The Changing Face of Waitrose Branch Operations

By Roger Welch

Sixty years ago the country was on the eve of automation . Waitrose operated from a warehouse at Greenford where distribution involved delivering groceries on flat bed trollies moved by a pogo stick from the vehicle to a point where the items could be unloaded onto a conveyor to take them to the warehouse. Only later were cages used which could be moved directly by lifts. Similarly sides of meat and bacon had to be hung on rails in the unloading bay and transferred by lift to preparation areas in the warehouse. In the Seventies a new branch required 100% non selling space to support the same selling area. Considerable space was required in the warehouse for meat and provisions preparation and packing. A new branch would have a preparation room 10ft x 30ft with three chopping blocks, three packing stations and a conveyor system to the weighing and pricing point. The provisions department would also have similar facilities for the boning and packing of bacon, both with access to chillers ,also accessible from the warehouse. Frozen foods had a separate freezer, and this together with the need for a warehouse holding a week and a half's stock , where a similar conveyor system was also  required from the warehouse racking to price mark everything, plus a two storey unloading bay, was also required. A far cry from today when everything arrives with a barcode, and all meat and provisions are prepacked.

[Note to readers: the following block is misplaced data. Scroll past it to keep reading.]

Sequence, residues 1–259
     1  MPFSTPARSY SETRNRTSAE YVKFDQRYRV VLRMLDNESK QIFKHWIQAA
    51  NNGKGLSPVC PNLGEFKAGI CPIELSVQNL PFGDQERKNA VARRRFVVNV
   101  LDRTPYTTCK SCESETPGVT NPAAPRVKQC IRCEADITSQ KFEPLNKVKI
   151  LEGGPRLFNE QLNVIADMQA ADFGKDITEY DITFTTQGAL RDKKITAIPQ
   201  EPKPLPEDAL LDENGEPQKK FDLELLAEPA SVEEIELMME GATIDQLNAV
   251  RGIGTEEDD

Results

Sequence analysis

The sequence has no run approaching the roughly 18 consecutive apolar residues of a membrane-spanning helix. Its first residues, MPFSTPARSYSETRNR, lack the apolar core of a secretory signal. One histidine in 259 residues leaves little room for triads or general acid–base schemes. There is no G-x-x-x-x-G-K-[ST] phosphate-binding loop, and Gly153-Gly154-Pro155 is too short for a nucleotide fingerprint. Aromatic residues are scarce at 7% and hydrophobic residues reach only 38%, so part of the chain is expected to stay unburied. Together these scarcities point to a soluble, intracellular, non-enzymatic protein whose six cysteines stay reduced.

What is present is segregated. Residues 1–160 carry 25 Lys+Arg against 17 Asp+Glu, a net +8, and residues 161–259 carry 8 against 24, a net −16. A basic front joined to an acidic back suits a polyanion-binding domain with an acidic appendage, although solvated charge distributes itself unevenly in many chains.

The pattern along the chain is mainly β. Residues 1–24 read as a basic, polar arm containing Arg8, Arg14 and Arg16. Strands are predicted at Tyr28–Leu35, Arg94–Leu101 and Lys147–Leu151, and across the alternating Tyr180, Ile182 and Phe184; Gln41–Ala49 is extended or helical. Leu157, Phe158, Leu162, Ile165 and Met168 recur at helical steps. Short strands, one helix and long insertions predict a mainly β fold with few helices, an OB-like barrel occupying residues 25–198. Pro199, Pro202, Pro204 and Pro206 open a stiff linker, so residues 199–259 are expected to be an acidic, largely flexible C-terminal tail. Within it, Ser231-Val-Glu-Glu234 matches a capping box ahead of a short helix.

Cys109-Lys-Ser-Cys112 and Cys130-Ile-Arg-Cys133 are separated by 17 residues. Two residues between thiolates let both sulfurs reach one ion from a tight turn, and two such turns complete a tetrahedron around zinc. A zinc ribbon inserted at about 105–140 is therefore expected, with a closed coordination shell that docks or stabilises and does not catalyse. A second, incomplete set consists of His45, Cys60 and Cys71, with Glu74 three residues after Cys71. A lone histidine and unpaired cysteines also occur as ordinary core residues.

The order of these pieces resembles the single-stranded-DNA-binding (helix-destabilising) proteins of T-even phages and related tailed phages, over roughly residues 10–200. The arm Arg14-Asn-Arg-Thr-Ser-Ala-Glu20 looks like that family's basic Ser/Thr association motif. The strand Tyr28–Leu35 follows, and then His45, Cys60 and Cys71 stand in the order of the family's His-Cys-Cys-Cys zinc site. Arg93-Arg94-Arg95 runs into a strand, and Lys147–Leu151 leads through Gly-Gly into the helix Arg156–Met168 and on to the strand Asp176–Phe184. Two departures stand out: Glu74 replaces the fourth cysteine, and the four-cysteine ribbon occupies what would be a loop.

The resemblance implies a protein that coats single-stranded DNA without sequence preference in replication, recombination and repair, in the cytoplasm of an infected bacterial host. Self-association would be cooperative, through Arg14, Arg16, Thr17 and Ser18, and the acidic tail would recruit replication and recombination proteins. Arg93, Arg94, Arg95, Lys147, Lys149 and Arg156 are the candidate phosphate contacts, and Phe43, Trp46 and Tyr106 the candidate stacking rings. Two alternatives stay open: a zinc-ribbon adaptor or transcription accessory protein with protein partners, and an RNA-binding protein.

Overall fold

The office suite contained a branch managers office, a cash office with safe, a section managers office to complete the orders , a medical room and lastly a dining room with a rest area and provision for smoking. A standard kitchen was installed in every branch to provide the full catering menu, no vending machines here.

These parameters began to change as distribution became more automated, and stock levels decreased, which in turn resulted in lower build costs as non selling decreased.

This page was added by Roger Welch on 11/05/2018.

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